Under new CEO Alain Zimmermann, Baume & Mercier is going through a transformation, refreshing their offerings and repositioning themselves in the marketplace. They have no aspirations to compete with the other haute horlogerie brands in the Richemont stable, such as Cartier, A. Lange & Sohne or Vacheron Constantin. Instead, they want to be viewed as your first entry into the luxury watch market.
Established in 1830, Baume & Mercier at one time made their own movements. Now they make no claims to being a manufacturer. They went back to a production method called établissage, which is essentially sourcing components from suppliers, including the movements, and then assembling them into a completed watch. Watch geeks usually prefer the status of a manufactured movement, but the honor of that comes with a higher price tag because it’s extremely expensive to not only develop a movement but then to also build a factory to manufacture it; you’re talking millions of dollars. And, if you consider the work of URWERK and MB&F with the HM3 Jwlrymachine and the final editions of the HM2, they aren’t manufacturing their own movements either and they make some pretty spectacular watches.
For the overriding theme of the collection this year, Baume & Mercier chose Seaside Living by the Hamptons. In this image they wish to convey a warm, intimate feel of quality and affordability. They hope their watches will be considered as gifts for life’s milestones, such as a birthday, anniversary or job promotion. Advertising campaigns don’t usually affect my opinions about a brand or a watch, except perhaps to make me turn in the other direction if it’s really bad. In this case, I think Baume & Mercier re-imagined a wonderful atmosphere to deliver their message.
While Baume & Mercier isn’t a company I normally turn to, the models this year made me take a closer look and have a deeper appreciation for what the company does. The watches are divided into four different collections: Linea, Capeland, Classima and Hampton. I was particularly taken with the Classima Automatic Jumping Hour, model 10039. As you may know I have a predilection for jumping hour watches. All watches in the Classima line take inspiration from a thin and elegant white gold model from 1965.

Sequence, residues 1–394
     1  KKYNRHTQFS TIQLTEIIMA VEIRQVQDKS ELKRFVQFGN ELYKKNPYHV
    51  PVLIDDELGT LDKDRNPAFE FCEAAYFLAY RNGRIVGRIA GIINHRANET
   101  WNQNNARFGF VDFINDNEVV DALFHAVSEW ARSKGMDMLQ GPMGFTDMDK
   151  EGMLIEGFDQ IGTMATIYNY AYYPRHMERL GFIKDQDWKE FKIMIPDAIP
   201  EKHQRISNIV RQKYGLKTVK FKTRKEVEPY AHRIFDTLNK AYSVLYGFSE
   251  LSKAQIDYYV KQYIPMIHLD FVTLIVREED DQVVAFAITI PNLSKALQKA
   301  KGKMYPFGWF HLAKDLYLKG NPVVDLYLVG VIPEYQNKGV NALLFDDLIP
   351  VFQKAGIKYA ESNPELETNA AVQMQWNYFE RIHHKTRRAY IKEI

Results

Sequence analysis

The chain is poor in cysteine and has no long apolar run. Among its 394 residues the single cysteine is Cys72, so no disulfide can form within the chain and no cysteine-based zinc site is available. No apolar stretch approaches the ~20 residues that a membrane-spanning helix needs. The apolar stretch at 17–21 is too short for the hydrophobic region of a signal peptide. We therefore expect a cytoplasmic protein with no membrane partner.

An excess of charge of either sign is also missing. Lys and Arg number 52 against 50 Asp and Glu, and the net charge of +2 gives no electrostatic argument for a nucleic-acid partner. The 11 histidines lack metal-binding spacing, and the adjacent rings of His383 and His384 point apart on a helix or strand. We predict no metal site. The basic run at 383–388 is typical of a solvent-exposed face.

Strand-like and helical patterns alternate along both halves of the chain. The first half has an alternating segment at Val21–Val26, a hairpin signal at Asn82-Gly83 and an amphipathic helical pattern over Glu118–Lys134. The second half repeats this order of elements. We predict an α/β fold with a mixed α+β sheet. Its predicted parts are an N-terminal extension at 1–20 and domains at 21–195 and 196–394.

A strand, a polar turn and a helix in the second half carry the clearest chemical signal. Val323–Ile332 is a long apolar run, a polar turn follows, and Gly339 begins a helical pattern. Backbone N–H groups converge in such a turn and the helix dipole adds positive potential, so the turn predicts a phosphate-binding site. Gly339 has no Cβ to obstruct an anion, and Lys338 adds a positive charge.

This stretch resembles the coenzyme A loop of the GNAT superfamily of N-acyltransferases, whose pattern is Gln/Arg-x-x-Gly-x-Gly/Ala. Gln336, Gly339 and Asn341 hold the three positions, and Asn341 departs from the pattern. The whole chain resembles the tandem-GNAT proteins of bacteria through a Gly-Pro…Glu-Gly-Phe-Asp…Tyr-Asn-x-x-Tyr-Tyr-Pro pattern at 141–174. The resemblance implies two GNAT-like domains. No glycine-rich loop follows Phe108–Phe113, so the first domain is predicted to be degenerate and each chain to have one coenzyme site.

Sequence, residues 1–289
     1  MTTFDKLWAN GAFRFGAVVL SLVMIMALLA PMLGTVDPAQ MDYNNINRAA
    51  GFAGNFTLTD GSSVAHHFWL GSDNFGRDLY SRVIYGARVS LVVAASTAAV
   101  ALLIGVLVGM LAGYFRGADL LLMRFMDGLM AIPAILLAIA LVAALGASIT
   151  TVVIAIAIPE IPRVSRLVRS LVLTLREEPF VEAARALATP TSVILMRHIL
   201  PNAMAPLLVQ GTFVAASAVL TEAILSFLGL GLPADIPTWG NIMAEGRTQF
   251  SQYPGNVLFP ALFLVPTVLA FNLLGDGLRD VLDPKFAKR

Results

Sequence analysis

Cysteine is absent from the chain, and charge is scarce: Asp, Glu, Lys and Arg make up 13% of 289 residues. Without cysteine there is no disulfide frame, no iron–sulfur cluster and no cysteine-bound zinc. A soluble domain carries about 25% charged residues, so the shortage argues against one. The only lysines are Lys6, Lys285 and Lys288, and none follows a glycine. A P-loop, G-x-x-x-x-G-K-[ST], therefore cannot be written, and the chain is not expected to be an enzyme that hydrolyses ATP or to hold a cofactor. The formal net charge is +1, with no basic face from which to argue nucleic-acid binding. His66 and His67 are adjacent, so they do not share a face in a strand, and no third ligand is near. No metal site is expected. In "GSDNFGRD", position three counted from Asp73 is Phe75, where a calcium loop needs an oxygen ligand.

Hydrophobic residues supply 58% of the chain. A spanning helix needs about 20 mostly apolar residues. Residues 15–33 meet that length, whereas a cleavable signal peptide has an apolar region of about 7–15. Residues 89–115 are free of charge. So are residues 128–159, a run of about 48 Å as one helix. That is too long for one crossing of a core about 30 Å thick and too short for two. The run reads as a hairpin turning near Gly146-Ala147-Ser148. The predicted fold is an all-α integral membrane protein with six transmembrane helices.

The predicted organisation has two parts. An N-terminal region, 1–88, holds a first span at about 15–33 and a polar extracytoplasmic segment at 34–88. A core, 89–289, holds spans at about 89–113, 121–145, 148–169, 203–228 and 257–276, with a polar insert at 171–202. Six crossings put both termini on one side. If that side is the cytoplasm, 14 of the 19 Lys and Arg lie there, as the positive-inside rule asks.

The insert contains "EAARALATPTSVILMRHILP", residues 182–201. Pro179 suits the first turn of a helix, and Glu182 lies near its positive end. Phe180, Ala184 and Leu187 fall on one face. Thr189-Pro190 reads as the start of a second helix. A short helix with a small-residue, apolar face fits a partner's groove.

In a modern sized 42mm stainless steel case, the Automatic Jumping Hour presents an elegant and proportioned face decorated with black numerals against a barleycorn guilloche dial. The jump hour window tucks nicely into the off centered minutes dial, while the seconds counter intersects in a balanced inverted figure eight. Inside ticks a Dubois Depraz movement embellished with Geneva Waves and an oscillating weight with the brand’s PHI symbol, adopted in 1964 and which has been considered the “golden section” representing perfect proportions since ancient times.
I love the style of this watch. For my petite wrists, it might be too large. In a smaller size, even up to 40mm, I’d snap it up.
The Automatic Jumping Hour, which will be launched in Fall 2011, comes in a limited edition of 500 pieces. For approximately 5K, it a great value, well representing Baume & Mercier’s new direction.
Key characteristics: Automatic. Jumping Hour. Silvered dial. Steel case. Black alligator strap.
Size: 42 mm
Movement: Automatic (Dubois Depraz 14400), movement adorned with “Côtes de Genève” décor
Function / date: Jumping hour
Case: Steel, sapphire crystal case back
Strap: Black alligator
Buckle: Adjustable triple folding
Dial: Silvered, “Grain d’orge” guilloché décor, black arabic numerals, riveted dots and indexes
Water-resistance: 30 m
Limited & Numbered edition: 500 units
Retail price: ~5K